Discussion Leaders: Laura Giovanelli and Mary Good, Anthropology and English
On the cusp of moving from high school into college and the world beyond, how do you come to terms with your family relationships? When do we decide to make a life of honor and character? How does your family’s history—and perhaps your family’s secrets—influence who you are? How does your character come through when we have tough choices to make? And what happens when those decisions affect everyone around us?
Celeste Ng’s 2017 award-winning novel Little Fires Everywhere explores these questions through what happens when two very different families—one rich, one poor—meet, love, and hate in a Cleveland, Ohio suburb. As friendships and relationships blossom, so do multiple versions of The Truth. Teenage Pearl and her mother Mia become intertwined in the lives of the wealthy Richardson family, forcing everyone to navigate twisting ideas about how to keep secrets, how to best chase their dreams (or decide to abandon them), and how to figure out what it means to be a good person. Throughout the novel, their characters are tested and transformed, raising questions about how all-too-human realities–tensions of race, class, the rocky and uncertain journey of just growing up–may shape the people we’re on our way to becoming.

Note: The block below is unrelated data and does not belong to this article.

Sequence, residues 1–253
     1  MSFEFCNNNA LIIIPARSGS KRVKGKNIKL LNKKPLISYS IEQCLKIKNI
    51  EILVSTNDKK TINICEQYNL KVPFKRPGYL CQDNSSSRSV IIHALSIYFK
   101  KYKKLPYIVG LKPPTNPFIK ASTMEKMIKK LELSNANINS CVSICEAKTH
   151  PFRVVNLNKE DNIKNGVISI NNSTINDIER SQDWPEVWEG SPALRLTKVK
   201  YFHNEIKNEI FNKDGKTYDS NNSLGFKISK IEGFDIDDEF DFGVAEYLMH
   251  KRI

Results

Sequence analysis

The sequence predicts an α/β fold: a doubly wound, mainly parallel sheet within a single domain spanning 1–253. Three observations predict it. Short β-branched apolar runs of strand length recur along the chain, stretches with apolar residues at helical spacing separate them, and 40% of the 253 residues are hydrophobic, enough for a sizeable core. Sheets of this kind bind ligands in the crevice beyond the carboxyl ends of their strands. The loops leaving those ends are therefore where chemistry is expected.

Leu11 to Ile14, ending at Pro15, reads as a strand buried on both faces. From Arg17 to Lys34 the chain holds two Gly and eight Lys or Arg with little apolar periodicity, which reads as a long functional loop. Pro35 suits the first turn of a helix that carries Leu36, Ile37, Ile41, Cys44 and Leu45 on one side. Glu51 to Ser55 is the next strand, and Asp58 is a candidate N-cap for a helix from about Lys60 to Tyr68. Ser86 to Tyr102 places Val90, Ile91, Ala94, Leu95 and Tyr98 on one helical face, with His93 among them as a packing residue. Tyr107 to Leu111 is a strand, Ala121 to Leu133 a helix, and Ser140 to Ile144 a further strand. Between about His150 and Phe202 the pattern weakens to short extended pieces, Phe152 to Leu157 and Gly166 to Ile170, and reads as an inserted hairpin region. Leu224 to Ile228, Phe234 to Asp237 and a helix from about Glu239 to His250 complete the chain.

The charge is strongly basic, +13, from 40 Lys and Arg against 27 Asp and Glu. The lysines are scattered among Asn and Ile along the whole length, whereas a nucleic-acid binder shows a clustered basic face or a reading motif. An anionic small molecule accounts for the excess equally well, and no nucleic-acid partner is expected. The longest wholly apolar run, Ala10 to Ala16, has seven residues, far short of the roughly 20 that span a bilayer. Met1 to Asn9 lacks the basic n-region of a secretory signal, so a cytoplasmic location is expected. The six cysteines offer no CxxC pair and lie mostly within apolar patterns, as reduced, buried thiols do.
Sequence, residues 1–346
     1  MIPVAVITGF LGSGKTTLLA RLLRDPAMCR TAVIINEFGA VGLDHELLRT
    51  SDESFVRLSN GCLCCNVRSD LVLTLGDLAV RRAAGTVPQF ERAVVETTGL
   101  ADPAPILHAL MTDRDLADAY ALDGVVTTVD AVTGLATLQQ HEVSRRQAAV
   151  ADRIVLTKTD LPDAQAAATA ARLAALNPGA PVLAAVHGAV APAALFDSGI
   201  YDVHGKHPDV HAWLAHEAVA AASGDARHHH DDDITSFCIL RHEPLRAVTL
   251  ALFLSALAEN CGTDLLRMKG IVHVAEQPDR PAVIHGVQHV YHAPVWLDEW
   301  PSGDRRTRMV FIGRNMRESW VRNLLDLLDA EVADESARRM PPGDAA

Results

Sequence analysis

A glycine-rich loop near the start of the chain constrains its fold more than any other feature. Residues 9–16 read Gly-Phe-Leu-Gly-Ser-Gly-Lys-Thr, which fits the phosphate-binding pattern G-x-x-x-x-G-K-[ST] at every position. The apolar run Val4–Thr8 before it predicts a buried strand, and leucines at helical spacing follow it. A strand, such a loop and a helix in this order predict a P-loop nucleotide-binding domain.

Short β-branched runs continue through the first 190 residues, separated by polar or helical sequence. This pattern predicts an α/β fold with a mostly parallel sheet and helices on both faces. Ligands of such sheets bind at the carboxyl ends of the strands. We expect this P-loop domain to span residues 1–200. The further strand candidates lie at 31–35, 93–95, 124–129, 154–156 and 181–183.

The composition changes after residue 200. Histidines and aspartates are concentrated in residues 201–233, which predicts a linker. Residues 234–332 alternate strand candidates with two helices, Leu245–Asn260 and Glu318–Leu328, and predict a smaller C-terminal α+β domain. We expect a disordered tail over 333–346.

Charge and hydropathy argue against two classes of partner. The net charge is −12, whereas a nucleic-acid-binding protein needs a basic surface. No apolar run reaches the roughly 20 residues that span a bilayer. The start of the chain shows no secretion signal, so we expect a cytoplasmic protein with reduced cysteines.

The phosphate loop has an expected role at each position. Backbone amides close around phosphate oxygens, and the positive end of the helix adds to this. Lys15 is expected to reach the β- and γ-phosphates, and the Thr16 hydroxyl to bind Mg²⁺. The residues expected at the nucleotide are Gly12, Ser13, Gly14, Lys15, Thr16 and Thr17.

Discussion Leader: Hello, I am Dr. Mary Good, an Assistant Professor in the Department of Anthropology. I am a Cultural Anthropologist whose research interests include youth, morality, and digital media. As a former English-Anthropology double major, I have a lifelong love of reading and believe novels can reveal a lot about the values people hold in everyday life. When I first read Little Fires Everywhere, I was especially fascinated by the way it captures the simultaneous comforts and conflicts of high school friendships, sibling rivalries, and parent-child relationships.
Discussion Leader: Hello, I am Professor Laura Giovanelli, an Assistant Teaching Professor in the Writing Program and Department of English and an Assistant Dean of the College. In my writing classes, which are primarily first-year courses themed around issues of identity, I’m engaged by young undergraduates’ thoughtful, critical explorations of their evolving and complex experiences and backgrounds. As a writer myself, I particularly admire Ng’s ability to paint characters who are neither wholly good nor bad, but rather, more realistic and rich portrayals of authentic and complex humans as they grow up and older.
Professors Good and Giovanelli love thinking and talking about the ways our ages and experiences as readers may influence what we read and what we take away from it; the more we read about identity, the more questions we have about how it shapes our lives. We’re excited to discuss Little Fires Everywhere with a group of curious first-year students from different places, experiences, and backgrounds.